Karma Geyesera battery-electric sport tourer debuts at Amelia Island



karma gyesera 01

When Karma Automotive revealed the battery-electric Kaveya coupe in Las Vegas last November, the company mentioned a Gyesera “BEV touring sedan” that would arrive ahead of the Kaveya. Between proclamations and the spec sheet, Karma pitched the Gyesera as a pure electric evolution of the plug-in hybrid Revero, both nameplates essentially highly evolved forms of the original Karma Fisker sedan from 2011. Like the Revero, the Gyesera is a rear-driver, an e-motor on the back axle making 590 horsepower and 690 pound-feet, its 120-kWh batter enabling a range greater than 250 miles, a 0-60 time under 4.2 seconds, and a top speed of about 135 mph. The company used the Amelia Island Concours to debut its first electric car for market consumption, Karma aiming to begin sales at the end of this year or in early 2025.

Some of you might remember Karma talk of an EV offering called the GSe-6. That would have been an electric version of the GS6 plug-in hybrid that became the Revero. The GSe-6 didn’t reach production before Karma set a “new strategic and branding path.” Speaking of which, company president Marques McCammon said of this four-door, “The Gyesera, with its modern look, feel and superior performance, is our bridge to the future; the embodiment of Karma’s revitalized corporate direction … It’s for a market segment that wants a beautiful exotic performance sedan with unique character … that’s pure EV.”

McCammon told Automotive News that 85% of the Revero’s panels have been redrawn, save for a section of the rear quarter panels. The easiest differences to spot outside are the front fascia’s new lower intake, the side intakes leading to carbon fiber rocker panels, and a rear that gets a carbon diffuser. Inside, Karma’s retained the shape of the Revero’s instrument panel, but the center console display and trim are vastly more modern, and there’s a new steering wheel.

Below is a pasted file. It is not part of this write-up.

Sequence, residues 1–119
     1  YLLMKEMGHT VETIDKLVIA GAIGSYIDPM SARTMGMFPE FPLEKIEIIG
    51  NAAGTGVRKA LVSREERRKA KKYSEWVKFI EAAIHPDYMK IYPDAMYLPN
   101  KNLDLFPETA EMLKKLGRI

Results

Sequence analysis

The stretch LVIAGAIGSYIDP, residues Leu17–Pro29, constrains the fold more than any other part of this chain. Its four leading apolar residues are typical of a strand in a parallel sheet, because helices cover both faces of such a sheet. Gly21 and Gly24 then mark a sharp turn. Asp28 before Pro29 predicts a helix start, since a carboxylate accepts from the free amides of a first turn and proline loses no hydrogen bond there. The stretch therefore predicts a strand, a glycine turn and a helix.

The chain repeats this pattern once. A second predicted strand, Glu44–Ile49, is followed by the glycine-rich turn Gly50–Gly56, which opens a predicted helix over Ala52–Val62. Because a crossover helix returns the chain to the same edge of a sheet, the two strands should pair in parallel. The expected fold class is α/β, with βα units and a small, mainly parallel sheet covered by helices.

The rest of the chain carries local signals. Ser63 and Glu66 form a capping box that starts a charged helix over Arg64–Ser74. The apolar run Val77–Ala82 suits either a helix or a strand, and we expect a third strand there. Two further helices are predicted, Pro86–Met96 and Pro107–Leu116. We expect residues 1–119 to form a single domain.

It’s a testament to Henrik Fisker’s design that the sedan’s fundamental shape, going back to the original Fisker Karma, remains abundantly evident. Perhaps this is the iteration that finally delivers on the promise of that car’s looks.

But there is a hurdle. We knew Karma Automotive planned to make the Gyesera an exclusive proposition, McCammon hinting at just how exclusive in mentioning a potential price between $175,000 and $225,000 apiece for a run of about 2,000 units built over four to five years. That’s a three-alarm price for a car that, in ten years, hasn’t managed to set the world alight. The tiny production run could be a saving grace. However — and not that Lucid hasn’t had its own issues — when the known quantity and decidedly luxurious Air Grand Touring comes with 819 hp and 885 lb-ft of torque, all-wheel drive, a quicker sprint to 60 mph, a higher top speed, and something like 500 miles of range for an MSRP of $111,000, we’re looking for the Gyesera to surprise us with heat we haven’t felt yet. 

Until that time comes, anyone who is convinced about the Gyesera right now is welcome to reserve one for $5,000.



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